New Delhi, April 26 (IANS) As they fight deadly coronavirus (COVID-19) pandemic 24/7, frontline healthcare workers are facing a severe crunch of personal protection equipment (PPE) suits or hazmat suits. Suddenly, several retail shops have cropped up across the country, offering such specialised medical suits at cheap prices.
Shops in Tirupur – also called the knitwear city of India – in Tamil Nadu are offering such suits for as low as Rs 198 and Rs 225, take minimum order for 50 suits with courier charges extra.
IANS spoke to one such seller over a phone number which has gone viral on social media, who informed that orders for his so-called anti-virus suits (one suit costs Rs 198) are coming from hospitals and medical facilities across the country, including New Delhi. When asked about his credentials, the seller disconnected the phone, saying “low battery”.
The question arises: How safe these suits are?
According to health experts, most of the suits which are available in the market are not anti-virus in nature and the zip is not properly covered. Hence, these are open to all kind of exposures.
“These are not ideal PPE suits; these are just clothing to protect you from the droplet infections. They don’t really protect you against the virus. These designer suits don’t serve any purpose. They are only for earning money,” Dr P Venkata Krishnan, internal medicine specialist at Paras Hospital in Gurugram, told IANS.
The original suits have a 360-degree cover and once the person gets into the suit, that person has to zip it and put another layer of cover for the zip also so that the person is fully protected.
These suits should be worn in very special circumstances. It is not for use for everyone.
“Ideally, it should be worn when a person has to collect the sample, visit a patient if the person is working in ICU,” said the health experts.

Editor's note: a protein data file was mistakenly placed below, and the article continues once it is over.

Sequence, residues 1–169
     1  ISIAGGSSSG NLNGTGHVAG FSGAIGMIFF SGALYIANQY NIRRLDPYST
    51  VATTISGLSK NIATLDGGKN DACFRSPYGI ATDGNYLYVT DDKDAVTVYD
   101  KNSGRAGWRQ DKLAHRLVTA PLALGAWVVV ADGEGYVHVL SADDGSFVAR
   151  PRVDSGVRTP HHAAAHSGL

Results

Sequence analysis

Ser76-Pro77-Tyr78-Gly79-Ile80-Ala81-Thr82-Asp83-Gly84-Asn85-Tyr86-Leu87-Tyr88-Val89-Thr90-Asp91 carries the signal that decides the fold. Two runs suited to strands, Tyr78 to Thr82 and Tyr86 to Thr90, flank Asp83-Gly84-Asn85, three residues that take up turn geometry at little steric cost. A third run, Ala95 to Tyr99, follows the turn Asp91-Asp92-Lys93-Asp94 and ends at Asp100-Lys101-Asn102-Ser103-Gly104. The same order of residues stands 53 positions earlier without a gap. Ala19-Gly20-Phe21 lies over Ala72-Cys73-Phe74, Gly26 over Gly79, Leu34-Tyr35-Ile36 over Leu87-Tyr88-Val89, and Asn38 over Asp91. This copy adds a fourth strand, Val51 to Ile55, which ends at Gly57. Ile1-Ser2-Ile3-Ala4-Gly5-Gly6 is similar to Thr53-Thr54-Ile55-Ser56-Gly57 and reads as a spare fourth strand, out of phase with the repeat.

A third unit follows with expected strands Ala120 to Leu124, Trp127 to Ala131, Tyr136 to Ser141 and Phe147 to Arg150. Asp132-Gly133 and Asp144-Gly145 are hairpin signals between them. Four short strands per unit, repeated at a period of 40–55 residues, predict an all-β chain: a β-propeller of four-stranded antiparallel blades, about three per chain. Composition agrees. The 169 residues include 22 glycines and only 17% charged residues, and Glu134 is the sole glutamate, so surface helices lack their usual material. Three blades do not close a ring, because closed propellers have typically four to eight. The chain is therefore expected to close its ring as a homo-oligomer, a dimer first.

Dr Jasmeet Kaur Wadhwa, Senior Consultant Paediatric Pulmonology and TB division, Sri Balaji Action Medical Institute in New Delhi, said: “Suits or gown wore by healthcare workers looking after intensive care patients or COVID-19 patients should be non-woven, impervious or not allowing less than 0.5-micron pathogens or virus particle to cross the fabric. It should be WHO and ISO approved”.
“There are cheap and expensive suits between around Rs 400 to Rs 2,000, but the authenticity totally depend upon the parameters and certification by the concerned authorities. Any suit available in the market must meet safety standards,” Wadhwa informed.
Before buying hazmat suits, especially for the healthcare workers, certain basic things should be kept in mind.
The preferred PPE suits should be 70 GSM (gram per square metre) — a term to check the density or thickness of the fabric used in making PPE suits.
“We usually check it by pouring water on it, this GSM should be standard not be very thin or too thick to make it uncomfortable even to sit for a doctor as she or he is supposed to be serving duty at least for eight hours,” said Shiba Kalyan Biswal, Consultant, Pulmonary and Sleep Medicine, Narayana Hospital in Gurugram.
“Before buying or opting for such suits, doctors should consider these standards,” Kalyan added.
The total number of novel coronavirus cases in India reached 26,496 on Sunday.
The Health Ministry said that of the total cases, at least 19,868 are active cases.
A total of 5,803 individuals have been cured and discharged while 824 people lost their lives. One person migrated to other country.
(Bharat Upadhyay can be reached at firstname.lastname@example.org)